Yahoo has room to grow

When the Internet company spends, it's time for you to buy.

By TheStreet Staff May 29, 2013 11:41AM

thestreet logoCredit: © Robert Galbraith/ReutersCaption: Yahoo logo is shown at the company's headquarters in Sunnyvale, CaliforniaBy Robert Weinstein


We all know the story. Yahoo (YHOO) was the king of the Internet and unstoppable. The only problem was that Yahoo believed it, too. Finally, we have hope again for Yahoo to reach its full potential.


After its countless embarrassingly freshman mistakes in online retail, eBay (EBAY) and (AMZN) knocked out Yahoo shortly after the opening round.


Google (GOOG) dethroned Yahoo search so incredibly expeditiously that Neutrinos could be overheard saying, "Wow, that was fast!" To add insult to injury, Google used technology to make buying and selling ad space easy for everyone.


As a result, money poured into Google's bank account so fast that it can legitimately be compared to holding a funnel under Niagara Falls to collect water. As foreign as it may seem to many companies, if you simplify your site and empower your users to achieve their goals more easily than your competition does, you increase your chances for success.


Not all of Yahoo's assets have capsized in the wake of superior competitors. Yahoo Finance dominates the sector to the point of receiving nearly one of every two financial news searches. If you can select only one place to have leadership, investment news is it. The reason is simple: Finance-related content drives the highest-paying ads within the family-friendly net.


Yahoo has too many assets to name one by one, but taken together, the whole is greater than the sum of its parts. For this reason, I applaud the recent purchases and where Yahoo's Chief Marissa Mayer is leading the online company.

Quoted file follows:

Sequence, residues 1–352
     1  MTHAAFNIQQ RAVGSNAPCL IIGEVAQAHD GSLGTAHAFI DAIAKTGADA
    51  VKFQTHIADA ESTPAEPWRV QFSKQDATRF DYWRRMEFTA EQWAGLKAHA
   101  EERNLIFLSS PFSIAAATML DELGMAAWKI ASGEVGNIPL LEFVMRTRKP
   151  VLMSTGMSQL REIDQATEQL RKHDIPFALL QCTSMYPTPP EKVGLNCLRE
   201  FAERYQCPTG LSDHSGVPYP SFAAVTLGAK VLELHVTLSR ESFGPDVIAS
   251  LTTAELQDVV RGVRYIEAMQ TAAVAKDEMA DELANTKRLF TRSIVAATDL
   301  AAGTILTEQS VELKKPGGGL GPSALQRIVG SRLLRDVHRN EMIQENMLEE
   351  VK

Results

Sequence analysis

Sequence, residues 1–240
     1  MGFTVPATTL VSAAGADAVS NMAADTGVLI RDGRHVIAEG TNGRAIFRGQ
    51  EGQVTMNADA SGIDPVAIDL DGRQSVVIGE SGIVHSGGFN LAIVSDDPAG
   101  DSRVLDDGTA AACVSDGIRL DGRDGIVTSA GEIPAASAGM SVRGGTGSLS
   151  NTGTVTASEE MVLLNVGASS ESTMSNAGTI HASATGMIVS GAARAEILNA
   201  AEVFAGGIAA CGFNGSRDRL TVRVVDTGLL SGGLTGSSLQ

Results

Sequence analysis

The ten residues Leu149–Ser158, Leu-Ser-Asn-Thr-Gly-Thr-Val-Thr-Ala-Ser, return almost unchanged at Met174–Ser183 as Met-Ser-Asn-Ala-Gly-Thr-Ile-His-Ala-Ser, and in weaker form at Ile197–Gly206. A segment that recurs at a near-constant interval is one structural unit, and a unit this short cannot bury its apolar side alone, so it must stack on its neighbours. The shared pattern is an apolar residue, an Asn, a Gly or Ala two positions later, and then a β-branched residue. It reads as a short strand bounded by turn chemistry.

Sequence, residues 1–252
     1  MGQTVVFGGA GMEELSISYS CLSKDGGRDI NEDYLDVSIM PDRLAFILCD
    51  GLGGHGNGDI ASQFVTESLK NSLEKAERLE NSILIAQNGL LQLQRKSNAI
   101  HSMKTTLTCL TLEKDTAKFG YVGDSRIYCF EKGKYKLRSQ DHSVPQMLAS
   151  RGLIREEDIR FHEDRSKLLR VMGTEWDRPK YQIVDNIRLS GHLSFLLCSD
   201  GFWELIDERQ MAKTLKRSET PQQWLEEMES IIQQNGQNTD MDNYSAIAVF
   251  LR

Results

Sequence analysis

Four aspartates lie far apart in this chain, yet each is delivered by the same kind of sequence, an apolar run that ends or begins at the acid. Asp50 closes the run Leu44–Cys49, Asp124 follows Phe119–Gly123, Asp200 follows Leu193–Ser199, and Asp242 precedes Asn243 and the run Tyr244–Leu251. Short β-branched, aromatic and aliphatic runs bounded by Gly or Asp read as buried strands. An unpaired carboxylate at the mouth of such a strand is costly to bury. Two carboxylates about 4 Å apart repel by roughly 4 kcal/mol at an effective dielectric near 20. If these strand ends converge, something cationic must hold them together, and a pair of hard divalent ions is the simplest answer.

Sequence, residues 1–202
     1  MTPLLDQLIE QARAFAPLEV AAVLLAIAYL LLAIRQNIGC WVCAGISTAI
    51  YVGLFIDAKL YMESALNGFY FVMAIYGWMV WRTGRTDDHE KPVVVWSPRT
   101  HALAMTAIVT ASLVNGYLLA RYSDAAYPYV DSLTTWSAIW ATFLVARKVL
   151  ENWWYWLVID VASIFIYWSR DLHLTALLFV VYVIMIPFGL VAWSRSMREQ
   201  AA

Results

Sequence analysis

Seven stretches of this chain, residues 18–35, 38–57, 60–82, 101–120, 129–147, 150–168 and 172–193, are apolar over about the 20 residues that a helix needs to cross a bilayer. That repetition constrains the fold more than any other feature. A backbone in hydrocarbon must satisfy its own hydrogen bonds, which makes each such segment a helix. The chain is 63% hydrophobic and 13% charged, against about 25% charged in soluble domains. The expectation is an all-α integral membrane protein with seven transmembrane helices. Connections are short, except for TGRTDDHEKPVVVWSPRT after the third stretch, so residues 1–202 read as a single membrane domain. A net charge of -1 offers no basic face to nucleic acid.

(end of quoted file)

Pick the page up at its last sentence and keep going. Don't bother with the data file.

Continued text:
Mayer has made her share of news since taking the helm, but the headlines that shareholders care about most begin with "Yahoo making another 52-week high." They've given her a resounding A+, based on shares increasing from a range of between $15 and $16 at the start of her tenure to over $26 currently.


There is little reason to believe Mayer doesn't fully understand the expected ROI (return-on-investment) from Tumblr and other recent purchases. The market isn't totally sold yet, but the price decline is your chance to pick up shares at a discount.


Buying dips are exactly the reason why I warn investors not to chase stocks higher or to get emotional. The natural wave-like price movement should be used to your advantage and Yahoo is setting up for another buying opportunity.

yahoo chart

You can gain a greater understanding by looking at the price chart, observing the new highs followed by a retracement, and again followed by a new high. Stocks in an accumulation phase never go straight up and can remain in the current pattern for years.


Watch for an entrance near $24.50 or lower as a starting point to add to or initiate a position. You can also use options to reduce your risk through hedging. If Yahoo reaches our entry level, look to sell a July $24 strike put for about $1. Your overall risk is 5% lower and if Yahoo shares continue to decline without a bounce, your cost basis will only be $23 instead of $24.50.


If Yahoo continues to climb, you limit your profit to only about $1 a share, but that's hardly anything to feel regretful about, considering your 4% gain in about six weeks.


At the time of publication the author had no position in any of the stocks mentioned.


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